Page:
Foods now need to be eaten warm, cooking time is extended, and foods are prepared for the winter. Cooking methods include braising, pressure cooking, or slow-cooking, like for soups.
Vegetables and fruits are being picked and prepared for preserving to make your food last throughout the winter. Food in autumn is warming and pungent. Vegetables like peppers, onions, cabbage, and tomatoes are prepared to be bottled.
Herbs can also be dried, like dill, parsley, and rosemary. Fruits that are ripe in autumn are apples, pears, and figs while vegetables like parsnip, Brussels sprouts, pumpkin, and winter squash also come into season.
The organs of the fall season in Traditional Chinese Medicine (TCM) are the lungs and large intestine. You can nourish the lungs and large intestine by including mushroom, garlic, sweet potato, ginger, onion, cabbage, pears, walnuts, leeks, radish, miso, soybeans, cinnamon, celery, mustard greens, apricot, apples, grapes, coriander, turnip, taro, Brussels sprouts and grains like quinoa, rice, and oats into your diet.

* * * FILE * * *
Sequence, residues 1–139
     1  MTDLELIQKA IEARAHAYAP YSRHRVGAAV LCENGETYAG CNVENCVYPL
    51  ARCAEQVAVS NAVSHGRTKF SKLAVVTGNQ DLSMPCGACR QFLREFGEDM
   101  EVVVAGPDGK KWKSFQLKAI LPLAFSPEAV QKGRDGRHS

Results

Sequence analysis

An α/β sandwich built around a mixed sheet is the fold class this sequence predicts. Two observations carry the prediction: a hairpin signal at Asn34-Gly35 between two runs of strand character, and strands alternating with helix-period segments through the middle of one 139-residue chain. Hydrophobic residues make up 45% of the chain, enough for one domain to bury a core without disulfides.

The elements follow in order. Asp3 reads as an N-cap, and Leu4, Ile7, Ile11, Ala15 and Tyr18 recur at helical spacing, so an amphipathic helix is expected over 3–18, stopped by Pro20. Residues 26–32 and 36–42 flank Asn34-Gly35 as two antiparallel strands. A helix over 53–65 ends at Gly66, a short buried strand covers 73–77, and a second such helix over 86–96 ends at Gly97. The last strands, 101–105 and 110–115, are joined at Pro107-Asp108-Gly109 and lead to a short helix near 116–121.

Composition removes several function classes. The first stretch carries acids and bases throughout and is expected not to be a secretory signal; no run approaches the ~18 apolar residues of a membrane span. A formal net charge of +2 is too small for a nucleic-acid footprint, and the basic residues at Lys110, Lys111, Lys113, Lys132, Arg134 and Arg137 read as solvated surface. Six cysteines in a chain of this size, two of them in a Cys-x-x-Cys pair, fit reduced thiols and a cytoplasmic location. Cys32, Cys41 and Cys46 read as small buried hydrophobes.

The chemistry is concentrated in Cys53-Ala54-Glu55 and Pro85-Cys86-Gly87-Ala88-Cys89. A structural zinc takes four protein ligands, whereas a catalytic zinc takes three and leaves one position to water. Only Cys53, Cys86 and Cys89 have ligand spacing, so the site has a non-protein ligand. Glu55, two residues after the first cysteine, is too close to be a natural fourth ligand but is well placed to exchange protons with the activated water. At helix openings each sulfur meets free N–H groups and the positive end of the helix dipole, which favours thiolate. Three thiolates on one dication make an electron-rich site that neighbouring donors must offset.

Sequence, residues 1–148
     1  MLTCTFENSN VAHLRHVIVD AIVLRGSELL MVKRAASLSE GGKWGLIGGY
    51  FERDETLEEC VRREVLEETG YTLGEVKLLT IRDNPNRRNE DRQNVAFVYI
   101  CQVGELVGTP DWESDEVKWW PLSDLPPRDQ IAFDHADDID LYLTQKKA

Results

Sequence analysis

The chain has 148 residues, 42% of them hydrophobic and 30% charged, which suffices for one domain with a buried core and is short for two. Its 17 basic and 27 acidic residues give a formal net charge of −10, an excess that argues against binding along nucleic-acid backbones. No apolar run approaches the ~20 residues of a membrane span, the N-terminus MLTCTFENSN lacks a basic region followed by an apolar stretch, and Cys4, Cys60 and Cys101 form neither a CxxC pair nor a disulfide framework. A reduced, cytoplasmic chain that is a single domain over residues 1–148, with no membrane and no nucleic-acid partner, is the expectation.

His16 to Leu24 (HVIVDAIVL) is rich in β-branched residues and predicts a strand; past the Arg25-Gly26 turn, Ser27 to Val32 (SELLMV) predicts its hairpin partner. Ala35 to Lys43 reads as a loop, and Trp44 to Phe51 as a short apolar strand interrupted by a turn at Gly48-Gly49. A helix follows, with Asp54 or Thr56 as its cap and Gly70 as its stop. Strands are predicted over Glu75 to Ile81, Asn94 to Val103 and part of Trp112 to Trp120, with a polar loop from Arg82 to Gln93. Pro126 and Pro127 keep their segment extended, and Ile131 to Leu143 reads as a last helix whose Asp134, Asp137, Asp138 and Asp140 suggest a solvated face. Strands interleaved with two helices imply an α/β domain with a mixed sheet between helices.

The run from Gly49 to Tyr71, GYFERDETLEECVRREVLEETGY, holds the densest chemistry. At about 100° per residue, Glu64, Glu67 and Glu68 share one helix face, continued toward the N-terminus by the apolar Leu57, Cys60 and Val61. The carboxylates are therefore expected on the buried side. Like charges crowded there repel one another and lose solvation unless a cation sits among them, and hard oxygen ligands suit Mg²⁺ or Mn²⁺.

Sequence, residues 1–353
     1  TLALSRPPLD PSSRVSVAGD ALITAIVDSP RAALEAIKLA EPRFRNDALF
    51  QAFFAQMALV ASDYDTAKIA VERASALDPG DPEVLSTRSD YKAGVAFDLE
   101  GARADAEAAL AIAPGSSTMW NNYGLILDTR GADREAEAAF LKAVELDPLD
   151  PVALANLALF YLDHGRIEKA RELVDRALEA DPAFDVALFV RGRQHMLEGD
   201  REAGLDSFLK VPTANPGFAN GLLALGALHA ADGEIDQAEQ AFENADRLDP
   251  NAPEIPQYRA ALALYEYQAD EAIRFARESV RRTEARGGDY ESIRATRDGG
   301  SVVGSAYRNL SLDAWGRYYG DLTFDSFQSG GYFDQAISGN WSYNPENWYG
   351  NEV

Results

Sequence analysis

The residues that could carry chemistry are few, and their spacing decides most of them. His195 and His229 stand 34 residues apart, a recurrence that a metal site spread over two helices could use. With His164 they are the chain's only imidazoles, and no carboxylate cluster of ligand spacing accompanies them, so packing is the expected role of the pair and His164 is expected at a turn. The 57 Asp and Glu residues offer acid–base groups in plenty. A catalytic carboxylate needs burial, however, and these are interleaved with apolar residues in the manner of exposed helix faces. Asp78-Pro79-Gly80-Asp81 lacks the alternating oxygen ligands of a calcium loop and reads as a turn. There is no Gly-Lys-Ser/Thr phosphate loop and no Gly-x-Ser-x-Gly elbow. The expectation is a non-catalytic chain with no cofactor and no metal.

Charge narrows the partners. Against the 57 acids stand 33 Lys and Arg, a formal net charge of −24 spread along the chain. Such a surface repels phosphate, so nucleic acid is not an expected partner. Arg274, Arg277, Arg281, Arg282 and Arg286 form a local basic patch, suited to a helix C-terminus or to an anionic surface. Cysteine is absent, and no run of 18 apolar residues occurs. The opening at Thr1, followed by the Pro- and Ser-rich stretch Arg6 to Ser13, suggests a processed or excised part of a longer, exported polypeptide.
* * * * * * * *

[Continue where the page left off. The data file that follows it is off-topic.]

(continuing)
If you take a look at the nature of the foods that support the lungs, you find that they are a mix of sweet and pungent. While the sweet nourishes, the lungs need pungent foods so as to ensure that chi (energy) and blood are circulating, and therefore the energy doesn't stagnate and produce phlegm.
It's important to remember while the lungs take in the new (fresh air), the large intestine is responsible for eliminating and releasing waste. This is best done by drinking adequate water and adding foods that lubricate.